San Francisco, CA — KQED, the public media organization serving the San Francisco Bay Area, will receive a one-time sum of $95.4 million for relinquishing back to the Federal Communications Commission (FCC) six megahertz of broadcast spectrum as part of the recently concluded incentive auction. The FCC seeks to repurpose underutilized television broadcast spectrum to satisfy the growing demand for wireless services, and KQED was able to participate without a significant impact on either services or coverage for Bay Area residents. The KQED Board of Directors has determined that the auction proceeds will be invested in KQED’s long-term sustainability and none of the funds will be utilized for ongoing operating expenses.
KQED is in the unusual position of holding three FCC television broadcast licenses comprising 18 megahertz of overlapping spectrum in the Bay Area, broadcasting from towers in San Francisco, San Jose and Salinas. This extensive coverage made sense earlier in the 20th century when television used analog technology and most viewers received the signal over the air. Today, the vast majority of Bay Area residents receive their television via cable or satellite services, and digital broadcast technology now supports multiple channels of programming from each tower. Therefore, KQED will be able to relinquish six megahertz of spectrum, currently broadcasting from the San Jose tower, and maintain full service to the region, including the recent addition of the 24/7 PBS KIDS channel and the upgrade to high-definition (HD) broadcast on KQED Plus (KQEH).
The auction will have no impact on residents who receive their television via cable, satellite or the Internet, which accounts for approximately 90 percent of Bay Area households. Those viewers who utilize an antenna to receive KQED over the air, and who currently receive the signal from the San Jose tower, will need to redirect their antenna to either San Francisco or Salinas, both of which will be broadcasting the full suite of KQED channels, including KQED Plus. Of the more than 1 million TV households in the region, KQED estimates that less than 1,000 might have reception issues after the change, and the station will work directly with those viewers to mitigate any problems.
“The KQED Board carefully evaluated the opportunity presented by the auction and we retained outside financial and technical counsel to advise us. After many months of deliberation, the Board decided this was a unique opportunity coming at a pivotal time in KQED’s history,” said Board Chair Chuck Kissner. “KQED is in the midst of a significant transformation to serve the dramatically changing needs of the people of the Bay Area. The auction proceeds will be reserved for permanent assets related to our transformation and invested in our endowment for KQED’s long-term sustainability.”
KQED’s Board of Directors is made up of 29 community volunteers who oversee the organization, one of the largest in public media, serving nearly 3 million people each week with radio, television, mobile, social, online and classroom services and an annual budget of more than $70 million. The Board, in approving FCC auction participation, emphasized the importance of dedicating any auction proceeds to the long-term good of KQED and the community in return for relinquishing spectrum.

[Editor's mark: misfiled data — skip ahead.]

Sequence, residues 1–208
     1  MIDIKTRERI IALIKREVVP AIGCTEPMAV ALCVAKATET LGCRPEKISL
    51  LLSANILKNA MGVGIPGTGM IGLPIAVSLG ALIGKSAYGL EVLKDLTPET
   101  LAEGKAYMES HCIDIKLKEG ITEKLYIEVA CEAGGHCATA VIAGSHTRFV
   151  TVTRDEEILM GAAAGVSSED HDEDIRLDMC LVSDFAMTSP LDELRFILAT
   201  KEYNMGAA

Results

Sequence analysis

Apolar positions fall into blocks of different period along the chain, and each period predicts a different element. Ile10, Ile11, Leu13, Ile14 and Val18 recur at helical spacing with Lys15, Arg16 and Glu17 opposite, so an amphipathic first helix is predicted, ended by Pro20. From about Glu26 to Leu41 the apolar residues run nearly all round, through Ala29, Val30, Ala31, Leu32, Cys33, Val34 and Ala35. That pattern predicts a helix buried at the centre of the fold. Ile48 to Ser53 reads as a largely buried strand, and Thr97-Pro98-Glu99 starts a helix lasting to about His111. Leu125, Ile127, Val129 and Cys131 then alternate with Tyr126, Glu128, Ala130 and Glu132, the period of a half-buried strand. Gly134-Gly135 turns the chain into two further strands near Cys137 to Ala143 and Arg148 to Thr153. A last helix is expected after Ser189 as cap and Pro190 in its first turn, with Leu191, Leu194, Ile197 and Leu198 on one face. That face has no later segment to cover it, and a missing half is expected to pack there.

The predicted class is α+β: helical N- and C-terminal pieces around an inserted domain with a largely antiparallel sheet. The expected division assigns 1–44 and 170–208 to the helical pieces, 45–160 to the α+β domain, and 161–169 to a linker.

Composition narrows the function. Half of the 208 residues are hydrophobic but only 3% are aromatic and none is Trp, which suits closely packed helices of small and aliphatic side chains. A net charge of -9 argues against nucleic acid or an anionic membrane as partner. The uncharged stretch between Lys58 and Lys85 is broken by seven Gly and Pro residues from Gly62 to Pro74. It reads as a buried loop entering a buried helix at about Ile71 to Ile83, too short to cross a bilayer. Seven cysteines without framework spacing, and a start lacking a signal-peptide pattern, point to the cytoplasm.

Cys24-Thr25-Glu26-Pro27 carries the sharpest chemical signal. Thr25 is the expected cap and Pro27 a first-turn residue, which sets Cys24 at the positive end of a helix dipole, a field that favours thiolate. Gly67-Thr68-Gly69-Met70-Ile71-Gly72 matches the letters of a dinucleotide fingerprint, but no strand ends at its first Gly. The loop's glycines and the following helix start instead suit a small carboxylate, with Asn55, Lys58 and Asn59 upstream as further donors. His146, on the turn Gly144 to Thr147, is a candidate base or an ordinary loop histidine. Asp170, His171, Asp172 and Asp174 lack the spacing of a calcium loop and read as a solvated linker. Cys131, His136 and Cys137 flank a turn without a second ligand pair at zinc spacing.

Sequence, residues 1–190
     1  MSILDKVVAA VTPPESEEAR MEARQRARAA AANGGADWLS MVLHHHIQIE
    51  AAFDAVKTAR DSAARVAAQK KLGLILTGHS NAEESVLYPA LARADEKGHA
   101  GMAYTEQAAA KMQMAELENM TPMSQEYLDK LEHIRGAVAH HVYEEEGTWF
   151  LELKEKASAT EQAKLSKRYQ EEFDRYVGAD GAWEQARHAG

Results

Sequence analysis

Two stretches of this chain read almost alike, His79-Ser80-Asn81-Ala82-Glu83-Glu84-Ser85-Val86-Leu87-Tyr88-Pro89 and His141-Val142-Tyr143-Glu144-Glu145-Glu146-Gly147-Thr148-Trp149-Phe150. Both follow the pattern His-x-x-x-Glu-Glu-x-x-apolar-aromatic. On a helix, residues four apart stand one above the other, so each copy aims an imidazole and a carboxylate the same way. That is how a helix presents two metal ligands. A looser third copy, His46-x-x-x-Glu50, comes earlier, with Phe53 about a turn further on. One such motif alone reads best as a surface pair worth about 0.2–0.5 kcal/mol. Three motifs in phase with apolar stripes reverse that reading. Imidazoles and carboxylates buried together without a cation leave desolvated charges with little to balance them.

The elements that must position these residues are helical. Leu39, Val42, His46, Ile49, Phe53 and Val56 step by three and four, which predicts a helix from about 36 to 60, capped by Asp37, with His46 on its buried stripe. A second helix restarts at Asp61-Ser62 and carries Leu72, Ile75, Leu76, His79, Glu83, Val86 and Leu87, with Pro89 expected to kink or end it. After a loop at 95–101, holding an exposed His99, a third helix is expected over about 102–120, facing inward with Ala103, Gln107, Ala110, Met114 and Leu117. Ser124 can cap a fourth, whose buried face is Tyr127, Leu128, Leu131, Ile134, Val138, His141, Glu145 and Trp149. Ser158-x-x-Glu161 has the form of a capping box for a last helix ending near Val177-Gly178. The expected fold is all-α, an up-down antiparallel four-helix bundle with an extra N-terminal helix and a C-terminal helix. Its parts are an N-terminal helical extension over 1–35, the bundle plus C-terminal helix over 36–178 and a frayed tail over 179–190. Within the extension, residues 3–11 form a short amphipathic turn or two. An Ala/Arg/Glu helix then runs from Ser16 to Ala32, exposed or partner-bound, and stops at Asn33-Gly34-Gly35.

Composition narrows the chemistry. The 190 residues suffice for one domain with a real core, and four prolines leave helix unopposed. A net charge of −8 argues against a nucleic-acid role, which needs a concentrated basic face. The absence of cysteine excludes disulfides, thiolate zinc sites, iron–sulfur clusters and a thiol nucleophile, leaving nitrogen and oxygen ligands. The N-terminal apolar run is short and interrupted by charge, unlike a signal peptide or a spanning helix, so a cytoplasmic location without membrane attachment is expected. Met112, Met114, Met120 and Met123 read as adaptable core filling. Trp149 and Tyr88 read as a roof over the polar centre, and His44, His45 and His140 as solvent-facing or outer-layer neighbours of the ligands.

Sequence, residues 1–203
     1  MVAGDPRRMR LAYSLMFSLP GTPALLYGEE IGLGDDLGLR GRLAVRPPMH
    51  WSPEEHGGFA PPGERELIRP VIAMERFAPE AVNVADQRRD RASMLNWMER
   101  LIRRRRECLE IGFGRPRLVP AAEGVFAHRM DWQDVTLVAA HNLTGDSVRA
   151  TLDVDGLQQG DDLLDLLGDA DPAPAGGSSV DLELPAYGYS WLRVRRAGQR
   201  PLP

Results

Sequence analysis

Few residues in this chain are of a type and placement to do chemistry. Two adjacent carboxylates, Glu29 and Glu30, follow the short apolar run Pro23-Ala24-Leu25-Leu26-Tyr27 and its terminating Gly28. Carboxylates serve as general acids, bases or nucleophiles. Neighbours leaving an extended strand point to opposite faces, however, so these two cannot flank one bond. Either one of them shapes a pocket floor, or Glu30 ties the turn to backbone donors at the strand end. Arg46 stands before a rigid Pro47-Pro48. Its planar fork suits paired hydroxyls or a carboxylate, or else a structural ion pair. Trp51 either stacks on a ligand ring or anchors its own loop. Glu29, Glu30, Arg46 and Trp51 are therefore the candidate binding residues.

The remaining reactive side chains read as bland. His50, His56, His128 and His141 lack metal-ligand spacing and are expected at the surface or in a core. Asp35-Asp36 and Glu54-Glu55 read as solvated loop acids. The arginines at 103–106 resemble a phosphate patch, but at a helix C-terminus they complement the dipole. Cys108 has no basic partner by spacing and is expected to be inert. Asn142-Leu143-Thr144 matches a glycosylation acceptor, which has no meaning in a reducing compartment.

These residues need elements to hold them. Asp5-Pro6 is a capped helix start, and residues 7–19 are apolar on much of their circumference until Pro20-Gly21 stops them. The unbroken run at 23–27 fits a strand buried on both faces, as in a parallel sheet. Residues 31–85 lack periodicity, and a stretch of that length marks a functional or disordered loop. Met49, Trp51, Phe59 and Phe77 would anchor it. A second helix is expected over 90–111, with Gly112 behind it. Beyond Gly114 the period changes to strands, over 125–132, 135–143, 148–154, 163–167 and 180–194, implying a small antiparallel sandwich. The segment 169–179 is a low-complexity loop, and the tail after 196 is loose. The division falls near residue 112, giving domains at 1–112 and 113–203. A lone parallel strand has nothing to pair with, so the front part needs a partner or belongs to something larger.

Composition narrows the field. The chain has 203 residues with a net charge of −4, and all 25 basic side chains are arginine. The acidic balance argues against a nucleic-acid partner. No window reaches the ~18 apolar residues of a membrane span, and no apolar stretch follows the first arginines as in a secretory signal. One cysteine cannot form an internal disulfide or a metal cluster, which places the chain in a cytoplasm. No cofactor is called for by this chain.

“This is one of those unusual win-win-win situations,” said KQED President John Boland. “The people of the Bay Area will have a 21st century KQED that adapts to the way they use media today. KQED will be more financially sustainable and stable well into the future, and the FCC will have the spectrum it needs to provide wireless services. Coincidentally, many people now receive their KQED content via wireless devices, so it all makes sense.”
Since the KQED Board has determined the funds will be placed in permanent assets and not be spent on ongoing operations, KQED will continue to rely on the generous support of its audience to fund quality programming and day-to-day operations. KQED is investigating ways to reduce dependency on prime-time pledge drives, but community support for the operation of broadcast and digital news and education services remains critically important.
“If you sold your home, it would not be prudent to utilize the proceeds to buy groceries and pay bus fare. Better to invest those funds in a new home or other permanent asset, or invest the funds and use only the income generated,” said Boland. “The same is true for KQED. We want this one-time infusion of capital to benefit the community long into the future.”
The bulk of the proceeds will be invested to double the size KQED’s endowment, which will provide, in perpetuity, a portion of the annual funds required to sustain the content and services KQED provides to the Bay Area community. The remainder will be invested in upgrades to KQED’s building and technology infrastructure.
To view the FCC’s notice and other materials concerning the broadcast incentive auction and participating stations, click here.
KQED serves the people of Northern California with a public-supported alternative to commercial media. An NPR and PBS affiliate based in San Francisco, KQED is home to one of the most listened-to public radio stations in the nation, one of the highest-rated public television services and an award-winning education program helping students and educators thrive in 21st-century classrooms. A trusted news source and leader and innovator in interactive technology, KQED takes people of all ages on journeys of exploration — exposing them to new people, places and ideas. www.kqed.org